In my other posts, I have looked into the debate of how effective online activism actually is. Supporters of online activism believe that it works because topics gained exposure to the public through trending hashtags and many people on social media were encouraged to partake in the conversation. Critics believe that online activism doesn’t work because posting online doesn’t directly affect the physical world.
After considering both sides of the debate, I think that hashtags are not effective in making a substantial change in the real world.
Even though hashtags created a direct response in the Academy Awards, that was only one change out of Hollywood’s many diversity problems. The phrase, #OscarsSoWhite, highlighted how no minority was nominated for the best lead and supporting roles for the second year in a row. With the pressure of the public, the Academy invited 683 more members, and of those new members 46% are women and 41% are people of color. Other than this change, nothing else in the industry has attempted to fix its lack of diversity.
The majority of Hollywood is still very much white and male and they are still whitewashing roles in 2016. This can be seen in the Ghost in the Shell trailer starring Scarlett Johansson that’s just been released. A movie inspired by a Japanese manga that takes place in Japan with clear Japanese influences, shouldn’t have Scarlett Johansson with an Asian-like haircut playing Motoko Kusanagi—a role that clearly should’ve gone to an Asian actress. The whitewashing in this movie hasn’t gone unnoticed and people are calling them out on it, yet the movie is still being released with no regard to how offensive it feels, just to feature a famous actress.
Although these hashtags are able to create a discussion, they don’t do much of anything else. It gets people to talk about certain topics they normally wouldn’t discuss, but never gets past that. Online activism with hashtags creates discourse with no action. For example, #StarringJohnCho had people talking about the lack of diversity and whitewashing with Hollywood’s lead roles. People participated in photoshopping John Cho’s face onto movie posters, such as The Martian and Spectre, to show what it’d look like if an Asian-American starred in those films. This hashtag got actors and other users on Twitter to talk about whitewashing, and they showed support by tweeting how they would watch movies starring John Cho. The discussion lasted for a short while, but then talk died down and eventually stopped completely.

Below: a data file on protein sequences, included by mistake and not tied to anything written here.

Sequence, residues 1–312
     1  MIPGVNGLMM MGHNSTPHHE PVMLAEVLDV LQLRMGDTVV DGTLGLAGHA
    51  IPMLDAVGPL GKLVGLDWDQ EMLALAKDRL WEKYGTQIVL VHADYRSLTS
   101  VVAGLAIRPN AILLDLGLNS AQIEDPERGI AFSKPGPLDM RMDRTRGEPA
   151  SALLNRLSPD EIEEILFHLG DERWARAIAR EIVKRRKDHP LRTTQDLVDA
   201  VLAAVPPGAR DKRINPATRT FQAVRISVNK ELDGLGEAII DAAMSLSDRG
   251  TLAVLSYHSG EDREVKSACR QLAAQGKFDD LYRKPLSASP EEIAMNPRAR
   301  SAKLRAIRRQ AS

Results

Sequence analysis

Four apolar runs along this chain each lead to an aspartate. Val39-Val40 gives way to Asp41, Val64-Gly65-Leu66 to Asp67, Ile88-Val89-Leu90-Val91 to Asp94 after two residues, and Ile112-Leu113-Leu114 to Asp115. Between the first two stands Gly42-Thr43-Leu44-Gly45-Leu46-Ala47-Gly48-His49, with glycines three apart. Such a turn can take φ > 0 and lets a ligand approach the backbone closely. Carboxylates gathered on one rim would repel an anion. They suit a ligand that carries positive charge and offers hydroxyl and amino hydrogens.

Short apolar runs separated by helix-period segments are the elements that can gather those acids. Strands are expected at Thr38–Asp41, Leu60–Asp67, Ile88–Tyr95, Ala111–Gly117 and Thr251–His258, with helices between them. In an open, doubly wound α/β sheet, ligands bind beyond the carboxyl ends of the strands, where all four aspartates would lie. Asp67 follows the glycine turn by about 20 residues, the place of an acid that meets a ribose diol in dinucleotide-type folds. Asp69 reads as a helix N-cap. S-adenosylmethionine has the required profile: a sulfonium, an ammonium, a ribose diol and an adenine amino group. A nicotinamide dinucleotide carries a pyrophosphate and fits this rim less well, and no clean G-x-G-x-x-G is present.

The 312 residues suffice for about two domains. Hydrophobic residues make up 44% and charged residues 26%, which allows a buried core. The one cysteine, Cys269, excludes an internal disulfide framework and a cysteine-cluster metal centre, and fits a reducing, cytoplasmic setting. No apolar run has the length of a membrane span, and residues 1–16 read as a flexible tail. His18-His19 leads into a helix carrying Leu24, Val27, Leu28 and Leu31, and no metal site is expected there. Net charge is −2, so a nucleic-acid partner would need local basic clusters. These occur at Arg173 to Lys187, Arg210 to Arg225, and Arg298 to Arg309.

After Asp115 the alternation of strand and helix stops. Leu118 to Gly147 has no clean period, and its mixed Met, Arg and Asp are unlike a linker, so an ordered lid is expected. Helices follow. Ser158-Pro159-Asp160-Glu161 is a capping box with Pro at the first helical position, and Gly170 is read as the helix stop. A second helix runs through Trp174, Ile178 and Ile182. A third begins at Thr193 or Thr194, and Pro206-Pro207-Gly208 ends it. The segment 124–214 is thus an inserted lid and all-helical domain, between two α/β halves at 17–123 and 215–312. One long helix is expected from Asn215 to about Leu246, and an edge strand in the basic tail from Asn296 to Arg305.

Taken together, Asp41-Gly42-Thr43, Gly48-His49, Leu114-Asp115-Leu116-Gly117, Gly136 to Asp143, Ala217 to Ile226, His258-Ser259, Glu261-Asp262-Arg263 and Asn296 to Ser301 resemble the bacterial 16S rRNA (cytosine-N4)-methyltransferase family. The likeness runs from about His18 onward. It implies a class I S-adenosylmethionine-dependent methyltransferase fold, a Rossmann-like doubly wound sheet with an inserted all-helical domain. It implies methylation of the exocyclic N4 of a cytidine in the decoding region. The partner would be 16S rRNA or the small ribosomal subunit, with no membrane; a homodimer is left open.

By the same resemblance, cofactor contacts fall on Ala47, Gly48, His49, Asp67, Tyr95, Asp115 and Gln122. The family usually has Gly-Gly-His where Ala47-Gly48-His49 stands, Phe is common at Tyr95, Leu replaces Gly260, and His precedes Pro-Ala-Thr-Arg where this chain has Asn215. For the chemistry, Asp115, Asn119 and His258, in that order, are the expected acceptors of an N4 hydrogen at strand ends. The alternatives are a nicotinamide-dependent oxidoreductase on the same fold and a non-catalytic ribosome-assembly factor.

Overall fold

These phrases are made with no physical end goal; they’re just used to create awareness for certain topics. When a phrase is trending, thousands of users with share their initial thoughts and when there’s nothing else to add, they stop talking about it and then the phrase stops trending. Once it’s out of sight, it’s out of peoples’ minds and they don’t discuss it again after that.
If online activists wanted to make an actual change in the world, they should organize in person rather than relying on the hashtag to do all the work. The other day I was in a classroom and on the wall, there was a sign with a hashtag about Trump. It was implying that whoever read the sign could join the conversation and discuss their thoughts online. The hashtag alone did nothing at all; it was forgettable and insignificant to the point where I couldn’t even remember what the hashtag was.
Meeting up in person and protesting together is far more effective as it catches the public’s attention. Any kind of crowd gathering in public will typically be talked about by those passing by, which is exactly what they should be aiming for. In the words of Martin Luther King Jr., “the purpose of direct action is to create a situation so crisis-packed that it will inevitably open the door to negotiation”. He says that protesting “seeks to dramatize the issue so that it can no longer be ignored”. Being able to visualize the number of people who are against something helps point out that people are ready for change. This has been effective with the #NotMyPresident protestors who have been rallying nation-wide since Trump was elected. Their activism was only taken seriously once they gathered in person and took their words to the street.
For people to truly make a difference in the world, they should do more than share their thoughts through a hashtag. Instead, they could make a change by being proactive in movements offline. Hashtags are ineffective because they don’t have the same impact and emotional response as people do in real life.